pistol shot, that we might be sure to kill; and that, when we did fire,
we should be sure to take good aim. We bade him give the word of
command; which he delayed so long, that they were, some of them, within
two pikes length of us when we fired.

We aimed so true, (or Providence directed our shot so sure) that we
killed fourteen of them at the first volley, and wounded several others,
as also several of their horses; for we had all of us loaded our pieces
with two or three bullets apiece at least.

They were terribly surprised with our fire, and retreated immediately
about one hundred rods from us; in which time we loaded our pieces
again, and, seeing them keep that distance, we sallied out, and caught
four or five of their horses, whose riders, we supposed, were killed;
and coming up to the dead, we could easily perceive they were Tartars,
but knew not from what country, or how they came to make an excursion
such an unusual length.

About an hour after, they made a motion to attack us again, and rode
round our little wood, to see where else they might break in; but
finding us always ready to face them, they went off again, and we
resolved not to stir from the place for that night.

We slept but little, you may be sure; but spent the most part of the
night in strengthening our situation, and barricading the entrances into
the wood; and, keeping a strict watch, we waited for daylight, and, when
it came, it gave us a very unwelcome discovery indeed: for the enemy,
who we thought were discouraged with the reception they had met with,
were now increased to no less than three hundred, and had set up eleven
or twelve huts and tents, as if they were resolved to besiege us; and
this little camp they had pitched, was upon the open plain, at about
three quarters of a mile from us. We were indeed surprised at this
discovery; and now, I confess, I gave myself over for lost, and all that
I had. The loss of my effects did not lie so near me (though they were
very considerable) as the thoughts of falling into the hands of such
barbarians, at the latter end of my journey, after so many difficulties
and hazards as I had gone through; and even in sight of our port, where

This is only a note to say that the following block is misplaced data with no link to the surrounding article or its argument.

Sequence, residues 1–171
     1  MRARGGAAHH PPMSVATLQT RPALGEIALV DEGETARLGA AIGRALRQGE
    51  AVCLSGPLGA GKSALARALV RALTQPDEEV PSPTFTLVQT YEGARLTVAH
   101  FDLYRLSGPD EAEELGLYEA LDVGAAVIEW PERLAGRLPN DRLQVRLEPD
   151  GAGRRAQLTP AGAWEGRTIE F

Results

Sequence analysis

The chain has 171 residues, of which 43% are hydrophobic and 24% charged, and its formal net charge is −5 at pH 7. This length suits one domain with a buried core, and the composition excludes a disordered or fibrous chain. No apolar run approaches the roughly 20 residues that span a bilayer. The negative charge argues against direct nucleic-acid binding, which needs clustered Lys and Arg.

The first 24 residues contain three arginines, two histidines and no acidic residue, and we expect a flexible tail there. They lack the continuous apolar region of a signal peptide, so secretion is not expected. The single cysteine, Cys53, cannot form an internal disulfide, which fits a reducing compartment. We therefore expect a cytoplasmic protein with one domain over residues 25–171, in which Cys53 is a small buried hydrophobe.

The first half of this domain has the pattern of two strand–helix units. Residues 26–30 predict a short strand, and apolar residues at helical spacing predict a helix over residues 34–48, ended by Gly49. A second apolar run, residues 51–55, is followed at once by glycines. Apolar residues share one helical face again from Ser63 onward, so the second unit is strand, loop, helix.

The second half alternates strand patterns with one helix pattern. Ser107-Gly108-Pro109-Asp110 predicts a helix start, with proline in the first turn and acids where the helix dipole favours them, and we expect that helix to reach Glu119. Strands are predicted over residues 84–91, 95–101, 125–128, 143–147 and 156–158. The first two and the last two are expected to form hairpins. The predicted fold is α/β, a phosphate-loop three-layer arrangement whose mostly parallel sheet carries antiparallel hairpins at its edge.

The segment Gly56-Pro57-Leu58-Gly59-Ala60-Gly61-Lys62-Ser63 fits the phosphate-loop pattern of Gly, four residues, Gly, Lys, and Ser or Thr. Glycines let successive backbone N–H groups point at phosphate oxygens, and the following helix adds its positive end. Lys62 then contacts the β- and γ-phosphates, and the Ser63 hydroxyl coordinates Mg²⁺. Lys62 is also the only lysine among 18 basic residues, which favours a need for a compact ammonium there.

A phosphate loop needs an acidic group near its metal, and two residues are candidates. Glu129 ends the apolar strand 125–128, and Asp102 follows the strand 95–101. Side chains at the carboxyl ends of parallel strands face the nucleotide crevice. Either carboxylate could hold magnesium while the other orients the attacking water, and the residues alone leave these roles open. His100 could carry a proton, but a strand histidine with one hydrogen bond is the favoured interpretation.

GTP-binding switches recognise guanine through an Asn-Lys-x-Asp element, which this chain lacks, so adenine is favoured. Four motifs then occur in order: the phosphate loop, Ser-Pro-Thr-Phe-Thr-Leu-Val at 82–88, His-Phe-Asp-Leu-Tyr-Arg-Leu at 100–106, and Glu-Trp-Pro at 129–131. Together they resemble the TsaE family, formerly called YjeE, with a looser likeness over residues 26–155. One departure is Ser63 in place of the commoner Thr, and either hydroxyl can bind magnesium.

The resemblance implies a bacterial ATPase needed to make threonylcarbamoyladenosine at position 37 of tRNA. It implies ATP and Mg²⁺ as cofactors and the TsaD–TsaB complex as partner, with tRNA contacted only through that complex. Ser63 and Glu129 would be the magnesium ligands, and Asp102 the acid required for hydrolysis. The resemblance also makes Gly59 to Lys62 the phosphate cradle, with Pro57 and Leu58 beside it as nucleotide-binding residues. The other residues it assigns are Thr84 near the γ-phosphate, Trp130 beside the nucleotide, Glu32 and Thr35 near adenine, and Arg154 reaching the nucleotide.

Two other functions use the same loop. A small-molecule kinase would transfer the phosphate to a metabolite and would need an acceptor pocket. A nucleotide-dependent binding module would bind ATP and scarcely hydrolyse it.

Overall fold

we expected safety and deliverance. As for my partner, he was raging: he
declared, that to lose his goods would be his ruin; and he would rather
die than be starved; and he was for fighting to the last drop.

The young lord, as gallant as ever flesh shewed itself, was for fighting
to the last also; and my old pilot was of the opinion we were able to
resist them all, in the situation we then were in: and thus we spent the
day in debates of what we should do; but towards evening, we found that
the number of our enemies still increased: perhaps, as they were abroad
in several parties for prey, the first had sent out scouts to call for
help, and to acquaint them of their booty; and we did not know but by
the morning they might still be a greater number; so I began to inquire
of those people we had brought from Tobolski, if there were no other, or
more private ways, by which we might avoid them in the night, and
perhaps either retreat to some town, or get help to guard us over
the desert.

The Siberian, who was servant to the young lord, told us, if we designed
to avoid them, and not fight, he would engage to carry us off in the
night to a way that went north towards the river Petraz, by which he
made no doubt but we might get away, and the Tartars never the wiser;
but he said, his lord had told him he would not return, but would rather
choose to fight. I told him, he mistook his lord; for that he was too
wise a man to love fighting for the sake of it; that I knew his lord was
brave enough by what he had shewed already; but that his lord knew
better than to desire to have seventeen or eighteen men fight five
hundred, unless an unavoidable necessity forced them to it; and that if
he thought it possible for us to escape in the night, we had nothing
else to do but to attempt it. He answered, if his lord gave him such
order, he would lose his life if he did not perform it. We soon brought
his lord to give that order, though privately, and we immediately
prepared for the putting it in practice.

And first, as soon as it began to be dark, we kindled a fire in our
little camp, which we kept burning, and prepared so as to make it burn